Eight in 10 estate agents would welcome a reform of the “outdated” house-buying process

PUBLISHED: 15:52 31 October 2017 | UPDATED: 08:57 01 November 2017

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79 per cent of estate agents would welcome a reform of the current home-buying process, according to research from NAEA Propertymark.

Supply and demand for properties in September reached the highest number recorded since March this year, yet the number of sales agreed remained flat, with an average of eight per branch – the same as July and August. The proportion of sales made to first time buyers was 23 per cent in September, which is also the same as the previous two months.

These stagnating results have been blamed on the “out-dated” and “slow” home-buying process, which the Government is now attempting to modernise.

For this, Sajid Javid, Communities Secretary, announced that the Government intends to consult with estate agents, solicitors, mortgage lenders and anyone with an interest in home buying on how to make the process “cheaper, faster and less stressful for those involved”. This call for evidence will run for eight weeks and close shortly before Christmas.

Among other improvements, Sajid mentioned his intention to increase confidence in the housing chain, provide better guidance to buyers and sellers to ensure homes are sale ready, as well as look for innovative digital solutions to modernise the process.

Javid said: “We want to help everyone have a good quality home they can afford, and improving the process of buying and selling is part of delivering that. Buying a home is one of life’s largest investments, so if it goes wrong it can be costly. That’s why we’re determined to take action to make the process cheaper, faster and less stressful.”

A modernisation of the process is welcomed by James Morton, director at north London estate agents Benham & Reeves, who said: “In theory, giving both buyer and seller security in the transaction is an excellent idea but difficult to achieve. Indeed, we’ve been there before with the ‘Sellers Pack’, which was prohibitively expensive and didn’t work.”

“Many of the over sensationalised headlines in the past have centred on gazumping, but this isn’t as regular an occurrence as the press and government would have us believe, especially in this current market where multiple buyers for a single property is rare. Just as common is gazundering, when the buyer reduces their offer to buy the property just before exchange of contracts, putting a seller over a barrel. Anything to speed up the transaction process and save aborted costs for buyers and sellers would be welcomed,” he added.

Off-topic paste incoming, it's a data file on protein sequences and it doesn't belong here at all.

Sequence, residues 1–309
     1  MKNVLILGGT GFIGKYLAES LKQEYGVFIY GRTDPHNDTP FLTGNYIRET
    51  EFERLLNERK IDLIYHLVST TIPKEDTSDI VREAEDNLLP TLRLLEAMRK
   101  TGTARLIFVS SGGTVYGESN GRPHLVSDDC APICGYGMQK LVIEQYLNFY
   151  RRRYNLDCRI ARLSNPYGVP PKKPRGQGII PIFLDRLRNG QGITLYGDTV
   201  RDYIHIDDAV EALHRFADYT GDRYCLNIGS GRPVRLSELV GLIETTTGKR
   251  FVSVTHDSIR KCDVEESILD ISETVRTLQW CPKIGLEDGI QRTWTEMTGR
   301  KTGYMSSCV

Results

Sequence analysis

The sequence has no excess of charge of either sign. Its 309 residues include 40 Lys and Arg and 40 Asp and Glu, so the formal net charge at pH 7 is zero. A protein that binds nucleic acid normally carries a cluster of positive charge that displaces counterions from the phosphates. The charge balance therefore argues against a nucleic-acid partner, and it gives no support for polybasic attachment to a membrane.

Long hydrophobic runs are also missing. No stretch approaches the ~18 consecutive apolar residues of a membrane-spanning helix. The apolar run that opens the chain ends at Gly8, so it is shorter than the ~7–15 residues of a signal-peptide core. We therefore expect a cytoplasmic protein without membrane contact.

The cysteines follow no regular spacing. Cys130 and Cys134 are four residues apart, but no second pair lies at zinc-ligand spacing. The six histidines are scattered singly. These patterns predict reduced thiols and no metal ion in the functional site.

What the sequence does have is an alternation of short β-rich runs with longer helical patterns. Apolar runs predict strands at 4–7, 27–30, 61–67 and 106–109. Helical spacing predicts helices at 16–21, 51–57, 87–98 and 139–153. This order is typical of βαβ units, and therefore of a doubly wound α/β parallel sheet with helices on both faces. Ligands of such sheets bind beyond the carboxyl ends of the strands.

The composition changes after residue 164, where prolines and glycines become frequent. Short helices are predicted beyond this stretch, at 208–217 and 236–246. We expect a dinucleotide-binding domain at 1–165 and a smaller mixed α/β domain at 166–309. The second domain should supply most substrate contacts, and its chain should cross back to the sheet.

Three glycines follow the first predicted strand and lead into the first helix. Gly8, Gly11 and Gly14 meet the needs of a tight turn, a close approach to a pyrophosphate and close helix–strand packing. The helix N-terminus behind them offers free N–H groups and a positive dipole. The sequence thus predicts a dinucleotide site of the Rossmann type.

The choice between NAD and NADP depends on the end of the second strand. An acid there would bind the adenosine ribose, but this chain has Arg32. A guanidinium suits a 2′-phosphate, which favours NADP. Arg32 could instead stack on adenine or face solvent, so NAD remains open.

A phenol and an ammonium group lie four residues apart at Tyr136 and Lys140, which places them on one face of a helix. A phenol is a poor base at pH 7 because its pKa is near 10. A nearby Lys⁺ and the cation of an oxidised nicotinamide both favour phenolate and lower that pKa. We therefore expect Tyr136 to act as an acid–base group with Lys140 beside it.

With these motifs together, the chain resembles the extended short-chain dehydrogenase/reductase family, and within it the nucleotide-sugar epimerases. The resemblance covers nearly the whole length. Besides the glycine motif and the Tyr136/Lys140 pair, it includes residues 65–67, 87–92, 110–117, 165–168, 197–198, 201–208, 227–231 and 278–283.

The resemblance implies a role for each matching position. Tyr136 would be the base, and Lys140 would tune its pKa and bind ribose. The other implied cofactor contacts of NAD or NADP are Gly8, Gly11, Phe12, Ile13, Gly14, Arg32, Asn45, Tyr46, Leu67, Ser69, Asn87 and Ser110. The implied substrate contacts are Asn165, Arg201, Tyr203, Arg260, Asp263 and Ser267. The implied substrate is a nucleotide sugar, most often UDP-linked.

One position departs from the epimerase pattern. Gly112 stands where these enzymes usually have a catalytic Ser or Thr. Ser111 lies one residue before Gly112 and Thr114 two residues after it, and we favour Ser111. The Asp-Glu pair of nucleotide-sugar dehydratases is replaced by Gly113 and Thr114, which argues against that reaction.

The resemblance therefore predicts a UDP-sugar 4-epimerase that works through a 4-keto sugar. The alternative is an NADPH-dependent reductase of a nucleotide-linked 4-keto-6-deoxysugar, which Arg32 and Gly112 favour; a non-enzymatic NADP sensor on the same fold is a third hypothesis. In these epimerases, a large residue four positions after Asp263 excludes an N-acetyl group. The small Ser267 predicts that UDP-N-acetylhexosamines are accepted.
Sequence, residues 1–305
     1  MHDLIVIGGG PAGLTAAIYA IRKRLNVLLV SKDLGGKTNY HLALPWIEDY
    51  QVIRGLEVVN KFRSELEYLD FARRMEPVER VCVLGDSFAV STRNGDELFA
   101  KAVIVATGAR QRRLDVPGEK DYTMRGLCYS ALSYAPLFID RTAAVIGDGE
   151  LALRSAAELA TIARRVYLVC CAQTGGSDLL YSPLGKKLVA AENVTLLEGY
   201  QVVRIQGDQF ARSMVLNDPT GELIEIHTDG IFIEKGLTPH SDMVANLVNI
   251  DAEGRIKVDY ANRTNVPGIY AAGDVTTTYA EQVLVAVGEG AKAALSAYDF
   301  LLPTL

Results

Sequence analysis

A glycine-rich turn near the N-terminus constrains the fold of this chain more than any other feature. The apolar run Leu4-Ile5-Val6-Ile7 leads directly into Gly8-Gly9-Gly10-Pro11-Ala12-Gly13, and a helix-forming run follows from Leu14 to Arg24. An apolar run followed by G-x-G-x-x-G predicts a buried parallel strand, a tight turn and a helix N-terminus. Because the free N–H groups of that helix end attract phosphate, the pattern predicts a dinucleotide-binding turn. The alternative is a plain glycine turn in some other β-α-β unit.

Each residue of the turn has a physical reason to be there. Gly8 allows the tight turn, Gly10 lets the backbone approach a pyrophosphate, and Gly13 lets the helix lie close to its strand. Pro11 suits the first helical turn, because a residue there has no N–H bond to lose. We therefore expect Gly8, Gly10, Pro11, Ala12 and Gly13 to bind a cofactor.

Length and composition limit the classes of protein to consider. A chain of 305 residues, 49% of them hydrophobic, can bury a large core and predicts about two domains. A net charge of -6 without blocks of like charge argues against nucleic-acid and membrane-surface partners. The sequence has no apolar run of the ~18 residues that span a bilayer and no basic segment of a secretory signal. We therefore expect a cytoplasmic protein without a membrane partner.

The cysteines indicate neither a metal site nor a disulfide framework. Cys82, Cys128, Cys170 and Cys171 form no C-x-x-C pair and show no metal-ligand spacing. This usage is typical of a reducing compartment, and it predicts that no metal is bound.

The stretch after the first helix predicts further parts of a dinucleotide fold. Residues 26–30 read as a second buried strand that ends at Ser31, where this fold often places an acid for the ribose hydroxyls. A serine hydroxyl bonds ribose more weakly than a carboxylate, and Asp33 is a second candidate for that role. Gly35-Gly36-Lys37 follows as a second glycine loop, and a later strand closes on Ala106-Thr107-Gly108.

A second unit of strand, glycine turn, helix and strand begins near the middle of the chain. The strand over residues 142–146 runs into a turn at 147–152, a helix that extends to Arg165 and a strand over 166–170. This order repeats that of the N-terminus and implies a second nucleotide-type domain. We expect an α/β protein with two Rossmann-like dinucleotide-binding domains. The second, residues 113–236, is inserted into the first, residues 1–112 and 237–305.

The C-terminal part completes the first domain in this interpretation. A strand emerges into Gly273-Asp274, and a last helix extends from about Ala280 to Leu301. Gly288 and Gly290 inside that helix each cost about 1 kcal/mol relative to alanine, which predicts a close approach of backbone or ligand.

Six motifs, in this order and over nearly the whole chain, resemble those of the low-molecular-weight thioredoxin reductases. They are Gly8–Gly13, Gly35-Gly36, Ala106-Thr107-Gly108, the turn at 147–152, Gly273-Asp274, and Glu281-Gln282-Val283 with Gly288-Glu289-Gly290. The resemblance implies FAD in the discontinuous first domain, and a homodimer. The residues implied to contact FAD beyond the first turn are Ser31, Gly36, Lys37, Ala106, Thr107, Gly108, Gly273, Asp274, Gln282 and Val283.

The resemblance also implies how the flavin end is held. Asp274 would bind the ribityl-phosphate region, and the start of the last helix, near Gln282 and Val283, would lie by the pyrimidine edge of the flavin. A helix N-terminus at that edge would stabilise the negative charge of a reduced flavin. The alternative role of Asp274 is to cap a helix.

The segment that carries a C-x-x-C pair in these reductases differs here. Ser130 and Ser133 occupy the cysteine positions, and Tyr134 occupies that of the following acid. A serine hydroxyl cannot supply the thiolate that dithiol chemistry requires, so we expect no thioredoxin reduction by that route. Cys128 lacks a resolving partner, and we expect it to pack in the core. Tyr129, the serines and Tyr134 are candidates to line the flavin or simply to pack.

Daisy Knight, who currently lives in north London and has recently had an offer accepted on a house, would also support a reform of the home-buying process. The 28-year-old said: “I didn’t realise quite how long of a process it would be after the offer was accepted. It feels like a rollercoaster ride as there are so many stages and a lot of time and effort required into contacting solicitors, mortgage brokers and surveyors. I can only imagine the process is doubly as stressful if you are stuck in a long chain!”

“There is also the worry of issues coming up that might mean in the end, with all the effort (and some sunk costs), the purchase may fall through anyway. It’s scary to think nothing is legally binding until the exchange,” she added.

Research from Which? revealed that Daisy is far from alone in finding the current home-buying process arduous.

Overall, it was found that 70 per cent of people believe selling a house is the most stressful life event, just 8 per cent lower than people who chose going through a divorce.

For more information about the Government’s plans to modernise the home-buying process, and to respond to the call for evidence online visit gov.uk

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